Thursday, June 11, 2020

Blind contour drawing = great strings!

I often draw a string blind (with my eyes closed, or averted), or with my non-dominant hand. It always affords some interesting placement, wiggly lines, mismatched corners, and other oddities.

For something a little different, I decided to try contour drawing a few nearby things in hopes of some new shapes.

What's contour drawing, you ask? 

It's a technique in which the artist draws a subject slowly, concentrating on the contours of the subject. The focus is on the essential form and not the minor details. Expect a contour drawing to look wonky; perhaps that's why I like them! In a blind contour drawing your eyes are only on the subject - not the paper - slowly and carefully following the outline with your pencil on the paper.
A page of contour drawings of things around my desk.
I'd say 'blind' but I cheat, and glance occasionally.
To use this technique to draw a Zentangle string, I recommend doing a very simple drawing. You don't want a lot of teeny, tiny spaces to deal with.

On the corner of my desk are two photo cubes with recent, favorite Zentangle tiles in them. I did a blind contour drawing of them and tangled with variations of Emingle for a Square One prompt.
Tangles: Doodah, Emingle, Pearlz, Zewm, Zonked
If I glance to the right from my art desk I see my husband's coffee machine. Here's the machine, the blind contour drawing I made, and the resulting tile.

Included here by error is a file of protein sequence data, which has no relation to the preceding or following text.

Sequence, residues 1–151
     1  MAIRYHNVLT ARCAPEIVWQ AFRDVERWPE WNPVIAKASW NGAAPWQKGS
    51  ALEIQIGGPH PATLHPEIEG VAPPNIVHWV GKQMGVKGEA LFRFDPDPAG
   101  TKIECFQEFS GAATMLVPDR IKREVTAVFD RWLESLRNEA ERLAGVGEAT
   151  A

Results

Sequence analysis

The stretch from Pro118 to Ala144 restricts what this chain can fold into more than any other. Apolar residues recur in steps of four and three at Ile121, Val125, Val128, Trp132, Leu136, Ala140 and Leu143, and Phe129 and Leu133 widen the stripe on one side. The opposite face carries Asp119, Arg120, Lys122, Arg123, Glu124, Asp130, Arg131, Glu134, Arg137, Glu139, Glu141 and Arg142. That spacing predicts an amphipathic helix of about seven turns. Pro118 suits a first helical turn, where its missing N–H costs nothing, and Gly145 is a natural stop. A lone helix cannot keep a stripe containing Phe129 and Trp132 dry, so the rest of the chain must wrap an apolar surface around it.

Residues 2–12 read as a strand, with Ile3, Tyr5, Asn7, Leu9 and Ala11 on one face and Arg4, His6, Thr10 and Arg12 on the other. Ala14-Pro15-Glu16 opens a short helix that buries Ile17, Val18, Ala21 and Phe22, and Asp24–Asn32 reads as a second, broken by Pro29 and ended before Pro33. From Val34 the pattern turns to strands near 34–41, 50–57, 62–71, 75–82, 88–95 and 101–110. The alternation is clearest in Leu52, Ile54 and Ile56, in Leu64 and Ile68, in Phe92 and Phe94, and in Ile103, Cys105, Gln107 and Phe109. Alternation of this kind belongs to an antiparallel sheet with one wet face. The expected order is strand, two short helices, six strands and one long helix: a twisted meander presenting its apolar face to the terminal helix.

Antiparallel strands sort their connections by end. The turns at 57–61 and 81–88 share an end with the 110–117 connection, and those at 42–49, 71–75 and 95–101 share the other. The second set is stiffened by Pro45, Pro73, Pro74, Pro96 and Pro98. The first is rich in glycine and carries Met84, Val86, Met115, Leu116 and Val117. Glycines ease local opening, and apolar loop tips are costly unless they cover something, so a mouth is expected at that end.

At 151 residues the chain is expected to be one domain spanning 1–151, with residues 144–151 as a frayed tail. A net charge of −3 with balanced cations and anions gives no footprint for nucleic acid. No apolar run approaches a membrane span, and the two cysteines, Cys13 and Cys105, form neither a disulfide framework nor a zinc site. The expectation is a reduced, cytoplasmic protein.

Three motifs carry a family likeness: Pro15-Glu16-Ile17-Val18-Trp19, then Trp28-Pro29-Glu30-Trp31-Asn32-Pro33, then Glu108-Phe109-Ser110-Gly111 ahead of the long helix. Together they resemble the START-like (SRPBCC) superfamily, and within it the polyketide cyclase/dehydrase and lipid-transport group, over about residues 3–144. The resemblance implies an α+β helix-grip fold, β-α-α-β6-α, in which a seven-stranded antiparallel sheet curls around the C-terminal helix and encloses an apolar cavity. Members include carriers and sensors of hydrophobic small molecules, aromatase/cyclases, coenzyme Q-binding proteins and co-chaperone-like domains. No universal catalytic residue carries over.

Turned 90 degrees counter-clockwise from the string photo.
Tangles: Arukas, Emingle, Moonwaves, Zonked and a Black Pearl(z)
Here are two sets of pliers and the resulting tile.
Tangles: Cubine, Lamar, Romanancy, Zonked
And finally, here are three small bottles.
After I did the contour drawing I turned it sideways and thought it looked like 'something' pushing across the page. Maybe Bunzo? Mooka? Hollis? Then I turned it upside down and it looked like three trees. Well, you know me and trees!
Tangles: Amazing Spider, Black Pearlz, Icantoo, Prestwood, Pia, Sanibel, Zander


  1. This is a very interesting project. The results both inspire and intrigue.

  2. Thank you for this interesting post.
    I don't like the strings, they seem very difficult for me to fill, but it is fantastic to see how you can make such beautiful results of each string!

  3. I love this tutorial, Margaret! I can't wait to try it! Thank you.